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Maine: “Volunteer” Driver is No Employee—Injury Claim Denied

December 15, 2017 (1 min read)

In a case presenting an issue of first impression in Maine—whether a mileage reimbursement to a “volunteer” can constitute remuneration when it is significant enough to exceed the volunteer's immediate expenditures—and therefore establish that the driver is actually an employee—the Supreme Judicial Court of Maine affirmed a decision of the Workers' Compensation Board Appellate Division that found the driver was not an employee and, therefore, could not recover workers’ compensation benefits related to a vehicular accident. Noting that the driver for the non-profit transportation services agency had signed a document indicating that he was merely a “volunteer,” the Court stressed that in spite of the fact that the driver’s reimbursement rate—$0.41 per mile, the same rate set out by the IRS for employees—exceed his direct costs in providing the service, it did not amount to remuneration. The Court acknowledged that it could conceive of a case, where the reimbursement rate for mileage was so high, or the receipt of other benefits so great, that a reasonable interpretation of the Act would compel the Court to conclude that the reimbursement for those services constituted payment for services. Those facts did not exist here, however. Citing Larson’s Workers’ Compensation Law, the Court added that the payment received by the driver was not the sort of remuneration that would signify employee status.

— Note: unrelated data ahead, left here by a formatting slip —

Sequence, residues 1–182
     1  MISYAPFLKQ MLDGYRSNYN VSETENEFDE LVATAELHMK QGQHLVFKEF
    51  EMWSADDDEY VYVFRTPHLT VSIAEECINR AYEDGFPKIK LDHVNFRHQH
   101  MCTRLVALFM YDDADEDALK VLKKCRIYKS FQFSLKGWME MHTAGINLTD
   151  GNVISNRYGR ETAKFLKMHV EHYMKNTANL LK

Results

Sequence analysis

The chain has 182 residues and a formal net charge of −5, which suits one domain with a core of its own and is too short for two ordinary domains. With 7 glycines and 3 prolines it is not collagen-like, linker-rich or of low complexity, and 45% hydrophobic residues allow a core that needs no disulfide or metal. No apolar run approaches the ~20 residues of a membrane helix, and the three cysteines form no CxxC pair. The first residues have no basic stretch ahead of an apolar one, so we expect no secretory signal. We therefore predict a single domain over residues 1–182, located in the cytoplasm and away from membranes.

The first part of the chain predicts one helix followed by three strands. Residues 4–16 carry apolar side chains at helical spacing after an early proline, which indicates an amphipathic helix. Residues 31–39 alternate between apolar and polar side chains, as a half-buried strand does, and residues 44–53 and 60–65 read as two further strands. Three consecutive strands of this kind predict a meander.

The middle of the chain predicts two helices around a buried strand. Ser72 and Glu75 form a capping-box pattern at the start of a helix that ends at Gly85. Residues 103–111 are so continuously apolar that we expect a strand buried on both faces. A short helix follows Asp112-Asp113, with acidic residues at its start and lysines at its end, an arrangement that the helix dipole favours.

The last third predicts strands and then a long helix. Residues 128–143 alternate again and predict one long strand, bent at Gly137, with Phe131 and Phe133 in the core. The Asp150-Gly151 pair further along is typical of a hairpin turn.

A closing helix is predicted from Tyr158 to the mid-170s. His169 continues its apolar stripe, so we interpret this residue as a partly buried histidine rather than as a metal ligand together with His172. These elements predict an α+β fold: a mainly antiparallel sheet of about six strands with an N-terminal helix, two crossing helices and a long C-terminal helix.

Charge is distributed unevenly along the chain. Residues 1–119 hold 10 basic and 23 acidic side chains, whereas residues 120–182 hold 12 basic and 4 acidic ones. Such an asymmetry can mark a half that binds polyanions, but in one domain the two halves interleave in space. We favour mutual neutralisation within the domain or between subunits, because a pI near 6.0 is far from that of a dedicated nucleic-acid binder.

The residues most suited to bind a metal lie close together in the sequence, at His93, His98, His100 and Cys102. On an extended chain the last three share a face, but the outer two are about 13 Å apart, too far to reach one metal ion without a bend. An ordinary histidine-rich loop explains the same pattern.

Thomas A. Robinson, J.D., the Feature National Columnist for the LexisNexis Workers’ Compensation eNewsletter, is the co-author of Larson’s Workers’ Compensation Law (LexisNexis).

LexisNexis Online Subscribers: Citations below link to Lexis Advance.

See Huff v. Regional Transp. Program, 2017 ME 229, 2017 Me. LEXIS 259 (Dec. 12, 2017)

See generally Larson’s Workers’ Compensation Law, § 65.01.

Source: Larson’s Workers’ Compensation Law, the nation’s leading authority on workers’ compensation law